What Furniture Wants: The Role of the Internet of Things and Embedded Intelligence in the Domestic Space
Inspired by Wieser’s concept of Calm Computing, the dream of embedding intelligence into everyday objects has been pursued since the early 1990s. Today there is a larger networking infrastructure, lower costs of technology involved and greater public familiarity with physical computing, meaning that it now seems inevitable that in the near future the physical objects that we interact with on a daily basis will have a virtual presence.
My practice-based research will investigate this upcoming shift to a time when objects that act in the physical and digital realms will be the norm, sensing and acting upon their environments and embodying the concepts of the Internet of Things and Embedded Intelligence. In particular, this work is concerned with how this change in the fundamental nature of objects will affect our use and relationship to our possessions, specifically those in the domestic space. What new insights to our relationships and interactions with our possessions might emerge when objects can sense their use, analyse and cross-reference this data and act with agency in the physical world?
Of particular interest is furniture, an intimate and key component to our daily domestic lives. We interact with these objects in a regular and highly routine-based structure, meaning that these ‘smart’ objects will be able to gather data on our use of them, cross-reference this with relevant online-data sources and infer information about our moods, behaviours and states of mind. Understanding and applying this information will be of key importance to understanding the relationship we have with our furniture, as well as other objects in the home - not only do we interact directly with furniture as objects, but we also use them to store and display our possessions. Is there a way the information contained in our transactional relationships with our objects be expressed to direct and mediate on our relationship to our personal objects, as well as the furniture that stores them?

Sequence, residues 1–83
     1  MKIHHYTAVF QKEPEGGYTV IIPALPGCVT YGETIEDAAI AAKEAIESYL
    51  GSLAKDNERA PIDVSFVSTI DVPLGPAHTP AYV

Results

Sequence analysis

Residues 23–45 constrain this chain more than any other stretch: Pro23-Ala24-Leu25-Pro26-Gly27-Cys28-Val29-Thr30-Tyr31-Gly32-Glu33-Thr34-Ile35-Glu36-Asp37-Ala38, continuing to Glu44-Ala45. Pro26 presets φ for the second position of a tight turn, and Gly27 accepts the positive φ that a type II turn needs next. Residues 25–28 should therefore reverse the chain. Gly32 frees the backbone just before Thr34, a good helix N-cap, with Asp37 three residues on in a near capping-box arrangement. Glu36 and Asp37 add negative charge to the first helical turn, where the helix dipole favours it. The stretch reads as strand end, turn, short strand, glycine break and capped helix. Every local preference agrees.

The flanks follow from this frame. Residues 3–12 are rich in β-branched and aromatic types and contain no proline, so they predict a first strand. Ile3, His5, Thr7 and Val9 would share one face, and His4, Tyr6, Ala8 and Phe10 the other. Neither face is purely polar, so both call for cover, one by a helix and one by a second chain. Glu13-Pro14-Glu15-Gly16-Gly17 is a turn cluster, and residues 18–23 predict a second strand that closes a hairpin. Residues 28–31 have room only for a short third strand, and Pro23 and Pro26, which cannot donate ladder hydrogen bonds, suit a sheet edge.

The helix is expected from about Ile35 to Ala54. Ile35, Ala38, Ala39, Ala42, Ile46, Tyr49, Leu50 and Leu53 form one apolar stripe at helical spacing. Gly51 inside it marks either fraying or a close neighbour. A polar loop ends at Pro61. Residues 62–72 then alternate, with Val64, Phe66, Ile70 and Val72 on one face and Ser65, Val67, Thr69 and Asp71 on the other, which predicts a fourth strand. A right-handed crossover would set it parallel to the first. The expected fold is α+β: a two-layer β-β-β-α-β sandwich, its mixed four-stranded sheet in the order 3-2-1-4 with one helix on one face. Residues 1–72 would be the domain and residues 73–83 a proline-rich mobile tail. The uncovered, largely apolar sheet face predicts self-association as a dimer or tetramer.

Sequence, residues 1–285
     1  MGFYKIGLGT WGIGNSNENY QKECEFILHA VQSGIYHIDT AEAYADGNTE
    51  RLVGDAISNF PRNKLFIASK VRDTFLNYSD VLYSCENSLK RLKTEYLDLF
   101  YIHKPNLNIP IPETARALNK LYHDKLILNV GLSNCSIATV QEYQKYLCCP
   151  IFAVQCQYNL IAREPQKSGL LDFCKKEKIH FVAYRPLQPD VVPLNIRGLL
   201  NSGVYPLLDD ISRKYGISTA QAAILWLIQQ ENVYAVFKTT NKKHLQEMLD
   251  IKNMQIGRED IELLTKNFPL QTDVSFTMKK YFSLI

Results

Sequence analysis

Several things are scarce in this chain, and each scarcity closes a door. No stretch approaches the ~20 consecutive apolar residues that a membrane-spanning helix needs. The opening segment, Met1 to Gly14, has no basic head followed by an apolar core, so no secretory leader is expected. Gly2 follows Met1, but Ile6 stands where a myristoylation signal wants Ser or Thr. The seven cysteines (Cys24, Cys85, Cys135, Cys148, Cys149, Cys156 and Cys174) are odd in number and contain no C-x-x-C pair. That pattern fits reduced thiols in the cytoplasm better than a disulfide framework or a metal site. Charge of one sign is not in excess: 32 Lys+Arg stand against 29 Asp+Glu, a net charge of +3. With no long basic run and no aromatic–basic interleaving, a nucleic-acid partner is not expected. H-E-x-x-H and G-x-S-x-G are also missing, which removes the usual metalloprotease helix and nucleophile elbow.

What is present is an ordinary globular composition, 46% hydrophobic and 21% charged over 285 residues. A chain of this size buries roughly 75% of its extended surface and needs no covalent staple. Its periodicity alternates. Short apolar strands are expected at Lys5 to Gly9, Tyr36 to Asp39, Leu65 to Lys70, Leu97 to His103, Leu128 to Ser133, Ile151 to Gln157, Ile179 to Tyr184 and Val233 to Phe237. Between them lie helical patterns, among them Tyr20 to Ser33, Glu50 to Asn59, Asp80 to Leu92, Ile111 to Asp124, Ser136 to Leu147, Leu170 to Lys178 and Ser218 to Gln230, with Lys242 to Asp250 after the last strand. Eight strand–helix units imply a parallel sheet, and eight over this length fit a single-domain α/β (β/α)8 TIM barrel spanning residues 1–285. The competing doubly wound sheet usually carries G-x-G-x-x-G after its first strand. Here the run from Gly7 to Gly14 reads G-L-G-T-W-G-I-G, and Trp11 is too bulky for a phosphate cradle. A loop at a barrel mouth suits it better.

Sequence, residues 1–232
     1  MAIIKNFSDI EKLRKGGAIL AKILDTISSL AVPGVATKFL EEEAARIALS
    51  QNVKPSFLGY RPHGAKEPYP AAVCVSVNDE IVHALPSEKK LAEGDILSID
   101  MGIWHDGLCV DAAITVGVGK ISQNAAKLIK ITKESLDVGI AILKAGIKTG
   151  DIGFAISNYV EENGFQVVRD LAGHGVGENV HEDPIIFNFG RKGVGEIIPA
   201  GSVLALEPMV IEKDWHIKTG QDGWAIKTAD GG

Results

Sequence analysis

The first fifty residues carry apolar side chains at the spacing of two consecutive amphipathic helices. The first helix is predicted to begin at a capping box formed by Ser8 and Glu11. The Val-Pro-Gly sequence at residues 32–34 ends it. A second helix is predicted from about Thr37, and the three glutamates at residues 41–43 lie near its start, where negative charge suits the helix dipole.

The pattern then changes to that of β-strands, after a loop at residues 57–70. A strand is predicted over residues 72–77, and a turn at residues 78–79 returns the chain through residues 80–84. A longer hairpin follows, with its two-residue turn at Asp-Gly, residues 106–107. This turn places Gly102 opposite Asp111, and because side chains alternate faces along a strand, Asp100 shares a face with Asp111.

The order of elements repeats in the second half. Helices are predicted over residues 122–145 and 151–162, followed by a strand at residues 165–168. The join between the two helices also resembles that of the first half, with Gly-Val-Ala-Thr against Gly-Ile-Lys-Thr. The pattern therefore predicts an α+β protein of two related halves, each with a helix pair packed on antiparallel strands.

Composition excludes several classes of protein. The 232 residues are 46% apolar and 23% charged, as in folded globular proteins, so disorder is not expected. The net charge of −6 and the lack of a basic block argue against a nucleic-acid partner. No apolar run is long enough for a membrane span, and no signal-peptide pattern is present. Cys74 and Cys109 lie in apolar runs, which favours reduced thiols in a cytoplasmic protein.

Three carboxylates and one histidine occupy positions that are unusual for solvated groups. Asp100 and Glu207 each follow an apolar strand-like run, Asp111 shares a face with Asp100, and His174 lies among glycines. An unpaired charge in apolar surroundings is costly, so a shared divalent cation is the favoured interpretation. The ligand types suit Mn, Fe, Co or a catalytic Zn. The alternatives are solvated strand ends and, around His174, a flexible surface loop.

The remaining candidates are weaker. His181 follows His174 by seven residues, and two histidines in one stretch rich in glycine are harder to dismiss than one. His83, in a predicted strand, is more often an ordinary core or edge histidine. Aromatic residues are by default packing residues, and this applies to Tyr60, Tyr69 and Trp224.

This work is positioned as a counter-thesis to current introverting approaches to the field, which concentrate on the virtualisation of the physical and creating online data linked to physical objects. Rather, this work intends to translate the data of our physical and psychic transactions with objects into physical outputs from the same objects, developing powerful animistic, totemic objects that act through and of themselves, expressing themselves in the physical world with a sense of agency. Through this, a type of kinaesthetic materialisation of our relationship with objects can be articulated that relies upon tactility and physicality, creating an extroverting type of technology that locates interaction with these objects in the physical and focusing on the things in the Internet of Things, rather than the Internet.
School of Design
Innovation Design Engineering, 2013–
Mike Kann is a furniture designer specialising in the design and delivery of projects for private clients and exhibitions; he works at the intersection of traditional design and manufacture and cutting edge technologies and materials. Since graduating with an MA in Furniture Design from Central St. Martin's in 2009, the focus of his work has been the exploration of how to reflect a client's tastes in commissioned pieces and creating effective storytelling in and through objects. Mike recently became a Freeman of the Worshipful Company of Furniture Makers, combining a focus on the tradition of furniture with the modern uses of technology.